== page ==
• ShaulaB likes this

#4 luxo II

luxo II

    Soyuz

  • -----
  • Posts: 3,797
  • Joined: 13 Jan 2017
  • Loc: Sydney, Australia

Posted 10 June 2021 - 11:33 PM

Well... IMHO that goes with buying anything expensive. What staggers me is the lack of thought when people commit to even more costly complex items - starting with wives, cars, and houses.

 

If you don't know - ask - and start talking.


Edited by luxo II, 10 June 2021 - 11:34 PM.

  • PrestonE and Rickycardo like this

#5 MikiSJ

MikiSJ

    Surveyor 1

  • *****
  • Posts: 1,804
  • Joined: 24 Feb 2006
  • Loc: San Jose, CA

Posted 10 June 2021 - 11:54 PM

My son is a master machinist working on gear and steam box assemblies the size of small houses for submarines and aircraft carriers. He holds tolerances to a 'tenth' (0.0001") on #20,000 parts spinning at 90 RPM.

 

I had taken machine ship in high school and when I first went active (1966) in the Navy I was assigned to a Machinery Repairman slot on an aircraft carrier. Maybe it was my age (18 y/o) but I couldn't do anything right in that division. My last gasp to keep my job was to make a water pump bearing out of bronze. The bearing was 4" O.D. and .25" thick. I proudly showed off my work to my CPO supervisor and he promptly kicked me out the shop as he measured the bearing at 4" I.D. but it was .25".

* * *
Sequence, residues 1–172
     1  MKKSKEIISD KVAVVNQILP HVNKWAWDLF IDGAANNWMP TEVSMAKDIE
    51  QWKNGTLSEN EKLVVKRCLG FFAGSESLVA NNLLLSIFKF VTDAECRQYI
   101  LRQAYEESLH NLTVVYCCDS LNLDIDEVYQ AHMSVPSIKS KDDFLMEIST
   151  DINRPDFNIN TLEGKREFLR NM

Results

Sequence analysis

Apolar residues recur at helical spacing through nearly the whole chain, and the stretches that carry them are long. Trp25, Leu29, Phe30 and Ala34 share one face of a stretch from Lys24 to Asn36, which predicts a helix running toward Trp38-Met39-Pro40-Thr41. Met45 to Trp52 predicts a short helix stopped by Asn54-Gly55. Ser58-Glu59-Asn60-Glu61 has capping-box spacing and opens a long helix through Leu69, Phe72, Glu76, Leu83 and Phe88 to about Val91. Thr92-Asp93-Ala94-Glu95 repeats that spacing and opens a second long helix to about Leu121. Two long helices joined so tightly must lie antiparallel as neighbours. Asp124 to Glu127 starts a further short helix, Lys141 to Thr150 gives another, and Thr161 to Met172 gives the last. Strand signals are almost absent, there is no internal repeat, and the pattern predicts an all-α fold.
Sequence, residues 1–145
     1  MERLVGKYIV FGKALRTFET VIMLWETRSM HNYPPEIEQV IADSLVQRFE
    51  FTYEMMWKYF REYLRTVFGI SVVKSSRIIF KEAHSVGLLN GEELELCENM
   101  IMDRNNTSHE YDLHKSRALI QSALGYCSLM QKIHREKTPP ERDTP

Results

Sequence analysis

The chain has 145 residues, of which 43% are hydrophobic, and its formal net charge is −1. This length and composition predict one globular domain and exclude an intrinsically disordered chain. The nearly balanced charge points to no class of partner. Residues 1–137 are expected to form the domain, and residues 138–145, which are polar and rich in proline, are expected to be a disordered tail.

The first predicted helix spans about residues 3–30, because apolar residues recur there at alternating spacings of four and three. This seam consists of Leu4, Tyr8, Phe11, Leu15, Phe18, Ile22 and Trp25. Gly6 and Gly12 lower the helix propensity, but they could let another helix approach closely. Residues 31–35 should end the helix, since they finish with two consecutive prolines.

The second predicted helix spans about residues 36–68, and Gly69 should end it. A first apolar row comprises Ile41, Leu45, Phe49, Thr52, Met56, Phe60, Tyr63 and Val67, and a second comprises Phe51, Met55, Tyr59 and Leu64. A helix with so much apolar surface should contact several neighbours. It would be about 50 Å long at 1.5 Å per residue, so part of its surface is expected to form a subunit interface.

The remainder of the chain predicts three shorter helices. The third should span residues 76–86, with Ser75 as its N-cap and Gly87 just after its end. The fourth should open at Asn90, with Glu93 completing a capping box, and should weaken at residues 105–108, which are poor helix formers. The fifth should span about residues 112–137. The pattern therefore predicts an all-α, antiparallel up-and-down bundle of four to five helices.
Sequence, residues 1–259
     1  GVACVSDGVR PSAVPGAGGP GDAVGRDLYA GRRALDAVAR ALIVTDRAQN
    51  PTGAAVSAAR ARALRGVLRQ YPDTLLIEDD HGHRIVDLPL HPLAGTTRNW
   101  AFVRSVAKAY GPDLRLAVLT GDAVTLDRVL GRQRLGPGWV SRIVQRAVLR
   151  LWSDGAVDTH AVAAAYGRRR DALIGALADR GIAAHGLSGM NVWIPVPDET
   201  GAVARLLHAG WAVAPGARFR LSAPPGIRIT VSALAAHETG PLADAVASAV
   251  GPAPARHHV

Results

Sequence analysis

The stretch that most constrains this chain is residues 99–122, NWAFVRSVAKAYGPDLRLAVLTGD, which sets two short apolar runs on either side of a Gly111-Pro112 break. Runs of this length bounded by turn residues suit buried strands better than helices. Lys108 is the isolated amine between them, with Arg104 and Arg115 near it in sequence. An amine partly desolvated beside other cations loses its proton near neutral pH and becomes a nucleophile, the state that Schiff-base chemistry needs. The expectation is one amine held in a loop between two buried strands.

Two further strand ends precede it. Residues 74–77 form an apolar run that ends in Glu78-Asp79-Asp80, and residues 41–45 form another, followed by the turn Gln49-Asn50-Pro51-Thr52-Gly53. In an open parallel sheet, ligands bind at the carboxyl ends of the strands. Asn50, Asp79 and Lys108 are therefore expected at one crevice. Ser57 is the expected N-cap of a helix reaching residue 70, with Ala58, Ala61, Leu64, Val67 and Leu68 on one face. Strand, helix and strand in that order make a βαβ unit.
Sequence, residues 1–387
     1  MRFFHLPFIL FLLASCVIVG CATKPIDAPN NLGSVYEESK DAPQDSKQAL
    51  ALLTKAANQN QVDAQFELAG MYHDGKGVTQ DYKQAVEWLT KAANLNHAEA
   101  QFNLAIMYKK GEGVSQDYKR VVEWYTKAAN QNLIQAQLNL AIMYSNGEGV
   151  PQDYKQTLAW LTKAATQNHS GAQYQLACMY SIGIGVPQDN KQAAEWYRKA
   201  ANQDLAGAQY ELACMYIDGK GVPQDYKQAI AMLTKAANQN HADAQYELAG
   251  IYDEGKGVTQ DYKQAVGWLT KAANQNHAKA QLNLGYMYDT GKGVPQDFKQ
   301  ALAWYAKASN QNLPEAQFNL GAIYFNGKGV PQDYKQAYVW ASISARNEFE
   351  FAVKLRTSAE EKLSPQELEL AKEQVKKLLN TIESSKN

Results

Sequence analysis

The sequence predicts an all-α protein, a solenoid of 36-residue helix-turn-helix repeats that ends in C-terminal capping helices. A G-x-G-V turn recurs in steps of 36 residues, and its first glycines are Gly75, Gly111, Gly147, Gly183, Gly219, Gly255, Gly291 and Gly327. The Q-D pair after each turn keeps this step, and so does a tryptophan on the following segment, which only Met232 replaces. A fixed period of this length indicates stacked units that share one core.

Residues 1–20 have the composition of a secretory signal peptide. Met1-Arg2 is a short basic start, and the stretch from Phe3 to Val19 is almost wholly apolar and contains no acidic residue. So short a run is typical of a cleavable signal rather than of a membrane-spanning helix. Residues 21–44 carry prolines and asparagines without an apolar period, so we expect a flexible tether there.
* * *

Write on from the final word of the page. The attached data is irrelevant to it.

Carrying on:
Remember: when you ask for something to be made for you, you can have it done: 1) timely, 2) correctly, and 3) inexpensively - pick two! You get what you pay for.


  • HasAnyoneSeenMyNebula likes this

#6 luxo II

luxo II

    Soyuz

  • -----
  • Posts: 3,797
  • Joined: 13 Jan 2017
  • Loc: Sydney, Australia

Posted 11 June 2021 - 01:08 AM

Ah... but the best solutions are often simple ones, though not always immediately obvious.


Edited by luxo II, 11 June 2021 - 01:09 AM.


#7 Oberon

Oberon

    Soyuz

  • -----
  • Posts: 3,686
  • Joined: 24 Feb 2013
  • Loc: Hunter Valley NSW Australia

Posted 11 June 2021 - 04:18 AM

Agree, always talk to find what matters. Sometimes issues I think will be expensive to resolve are routine, no trouble at all. And be open to alternative suggestions. But most of all don’t treat a busy craftsman or professional as they they owe you attention for a small one off, or even have a duty to provide a price; be mindful they are probably doing you a favour with high risk and for trivial compensation.


  • Jon Isaacs and PrestonE like this

#8 Jon Isaacs

Jon Isaacs

    ISS

  • *****
  • Posts: 92,538
  • Joined: 16 Jun 2004
  • Loc: San Diego and Boulevard, CA

Posted 11 June 2021 - 04:43 AM

Agree, always talk to find what matters. Sometimes issues I think will be expensive to resolve are routine, no trouble at all. And be open to alternative suggestions. But most of all don’t treat a busy craftsman or professional as they they owe you attention for a small one off, or even have a duty to provide a price; be mindful they are probably doing you a favour with high risk and for trivial compensation.

 

:waytogo: